We learned so much about Oaxacan cuisine and tried things we wouldn't have found on our own.

Viator offers highly rated food tours. We like how most tours have free cancellation up to 24 hours in advance.

Explore Mezcal in greater depth at Mezcaloteca

Tasting mezcal at Mezcaloteca

Now that you've learned a bit about Mezcal - go deeper with your understanding at Mezcaloteca. The library-style mezcaleria offers educational tastings, including pictures of the different agave plants and how its made.

Your guide curates your experience based on your level of knowledge and by what flavours and types of agaves you prefer. This is why we recommend going to other mezcalerias first before going to Mezcaloteca - you will be able to deep dive further, rather than just get an introduction to the spirit.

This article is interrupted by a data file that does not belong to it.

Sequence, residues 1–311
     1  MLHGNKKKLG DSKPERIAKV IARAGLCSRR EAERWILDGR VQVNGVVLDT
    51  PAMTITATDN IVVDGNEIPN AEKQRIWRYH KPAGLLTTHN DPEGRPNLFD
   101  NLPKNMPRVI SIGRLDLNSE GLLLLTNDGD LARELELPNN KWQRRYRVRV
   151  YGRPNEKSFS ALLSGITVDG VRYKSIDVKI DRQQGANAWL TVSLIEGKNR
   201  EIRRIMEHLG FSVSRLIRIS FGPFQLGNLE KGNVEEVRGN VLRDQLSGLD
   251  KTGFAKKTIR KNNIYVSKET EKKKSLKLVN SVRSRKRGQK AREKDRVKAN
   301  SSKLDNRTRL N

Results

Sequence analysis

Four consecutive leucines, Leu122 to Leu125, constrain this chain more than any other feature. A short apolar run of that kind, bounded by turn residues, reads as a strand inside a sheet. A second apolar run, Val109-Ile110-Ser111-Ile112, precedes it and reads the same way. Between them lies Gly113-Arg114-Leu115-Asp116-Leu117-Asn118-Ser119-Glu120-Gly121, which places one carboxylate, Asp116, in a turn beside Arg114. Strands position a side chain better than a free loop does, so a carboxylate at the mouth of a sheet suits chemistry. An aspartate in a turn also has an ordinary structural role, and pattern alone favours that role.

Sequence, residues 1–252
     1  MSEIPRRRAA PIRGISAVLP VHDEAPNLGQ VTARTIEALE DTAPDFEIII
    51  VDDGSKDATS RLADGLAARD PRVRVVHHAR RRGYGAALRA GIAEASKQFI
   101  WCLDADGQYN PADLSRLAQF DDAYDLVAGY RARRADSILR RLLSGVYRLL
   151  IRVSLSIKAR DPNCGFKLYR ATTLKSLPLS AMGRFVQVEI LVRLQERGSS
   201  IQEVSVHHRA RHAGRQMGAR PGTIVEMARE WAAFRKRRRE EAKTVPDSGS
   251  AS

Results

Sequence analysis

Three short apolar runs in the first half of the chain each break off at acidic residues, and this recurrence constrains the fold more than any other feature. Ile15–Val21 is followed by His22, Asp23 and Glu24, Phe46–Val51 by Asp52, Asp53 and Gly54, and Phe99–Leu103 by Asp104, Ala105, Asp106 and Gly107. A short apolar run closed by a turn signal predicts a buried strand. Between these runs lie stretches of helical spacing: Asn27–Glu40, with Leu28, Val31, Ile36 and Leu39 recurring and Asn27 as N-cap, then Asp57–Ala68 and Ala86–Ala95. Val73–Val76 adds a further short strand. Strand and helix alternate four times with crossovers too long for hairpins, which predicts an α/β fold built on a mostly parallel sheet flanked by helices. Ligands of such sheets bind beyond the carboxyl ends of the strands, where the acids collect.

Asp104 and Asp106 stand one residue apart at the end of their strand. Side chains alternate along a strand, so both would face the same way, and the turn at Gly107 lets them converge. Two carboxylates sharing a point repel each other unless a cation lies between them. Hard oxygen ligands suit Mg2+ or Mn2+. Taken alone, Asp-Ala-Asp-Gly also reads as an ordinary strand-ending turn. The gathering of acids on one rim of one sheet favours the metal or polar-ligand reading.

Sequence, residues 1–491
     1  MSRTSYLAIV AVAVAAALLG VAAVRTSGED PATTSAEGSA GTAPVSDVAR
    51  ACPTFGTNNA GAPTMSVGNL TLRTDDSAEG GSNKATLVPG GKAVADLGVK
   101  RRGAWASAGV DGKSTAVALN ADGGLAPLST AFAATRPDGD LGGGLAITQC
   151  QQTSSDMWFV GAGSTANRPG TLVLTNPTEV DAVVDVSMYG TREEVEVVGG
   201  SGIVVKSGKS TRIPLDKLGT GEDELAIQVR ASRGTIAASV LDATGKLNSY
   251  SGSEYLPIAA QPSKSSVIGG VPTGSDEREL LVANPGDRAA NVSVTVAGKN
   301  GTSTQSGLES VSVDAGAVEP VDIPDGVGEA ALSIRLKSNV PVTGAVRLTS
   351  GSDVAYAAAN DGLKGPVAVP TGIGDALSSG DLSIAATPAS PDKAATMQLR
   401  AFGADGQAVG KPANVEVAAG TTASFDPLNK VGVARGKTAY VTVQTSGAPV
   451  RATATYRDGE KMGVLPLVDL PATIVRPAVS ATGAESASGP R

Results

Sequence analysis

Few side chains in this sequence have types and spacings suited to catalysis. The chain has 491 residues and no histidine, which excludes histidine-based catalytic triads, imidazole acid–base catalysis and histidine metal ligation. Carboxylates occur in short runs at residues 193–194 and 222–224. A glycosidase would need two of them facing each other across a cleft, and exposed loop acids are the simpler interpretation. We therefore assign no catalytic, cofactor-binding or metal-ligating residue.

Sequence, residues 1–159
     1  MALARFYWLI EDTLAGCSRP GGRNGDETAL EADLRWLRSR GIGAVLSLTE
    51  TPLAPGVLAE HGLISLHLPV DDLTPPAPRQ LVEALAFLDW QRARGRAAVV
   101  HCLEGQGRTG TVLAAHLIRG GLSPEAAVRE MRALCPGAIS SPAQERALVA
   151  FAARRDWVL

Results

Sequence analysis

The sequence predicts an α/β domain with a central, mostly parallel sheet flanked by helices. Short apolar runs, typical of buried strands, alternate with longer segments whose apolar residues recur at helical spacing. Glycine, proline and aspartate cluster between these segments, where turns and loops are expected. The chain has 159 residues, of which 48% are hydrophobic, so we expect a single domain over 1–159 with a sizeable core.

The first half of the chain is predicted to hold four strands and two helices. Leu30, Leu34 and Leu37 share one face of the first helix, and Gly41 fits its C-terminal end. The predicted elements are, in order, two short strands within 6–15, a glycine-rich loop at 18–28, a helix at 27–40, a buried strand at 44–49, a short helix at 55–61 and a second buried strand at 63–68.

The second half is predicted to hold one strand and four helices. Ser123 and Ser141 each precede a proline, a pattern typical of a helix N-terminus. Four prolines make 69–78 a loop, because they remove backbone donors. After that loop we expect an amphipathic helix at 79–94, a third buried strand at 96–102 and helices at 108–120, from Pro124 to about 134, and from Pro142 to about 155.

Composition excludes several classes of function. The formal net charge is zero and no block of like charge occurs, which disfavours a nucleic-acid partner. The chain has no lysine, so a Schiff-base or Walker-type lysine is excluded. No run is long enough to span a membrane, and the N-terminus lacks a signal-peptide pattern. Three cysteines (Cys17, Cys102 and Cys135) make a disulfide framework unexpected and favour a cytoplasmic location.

Mezcaloteca is very popular and books up far in advance. Make your reservation online.

Try traditional and ancestral dishes at Levadora De Olla

Levadora de Olla is one of Oaxaca's best restaurants, serving traditional, lost ancestral and ceremonial dishes from Oaxaca’s Sierra Sur region. It also offers creative dishes based on traditional recipes and ingredients.

Chef Thalia Barrios Garcia comes from a small town in Oaxaca and has combined her family's culinary traditions with skills acquired during culinary school. Set within a colonial-style building, the restaurant has a relaxed atmosphere and charming courtyard.

Book your table online.

😋 Must eat: Oaxaca Native Tomatoes dish

Day 3


Walk, shop and eat your way to the Xochimilco art district

For your last day, we've created a walking route that takes you north of the centre into a quieter village-like area called Xochimilco, which is one of the oldest neighbourhoods in Oaxaca.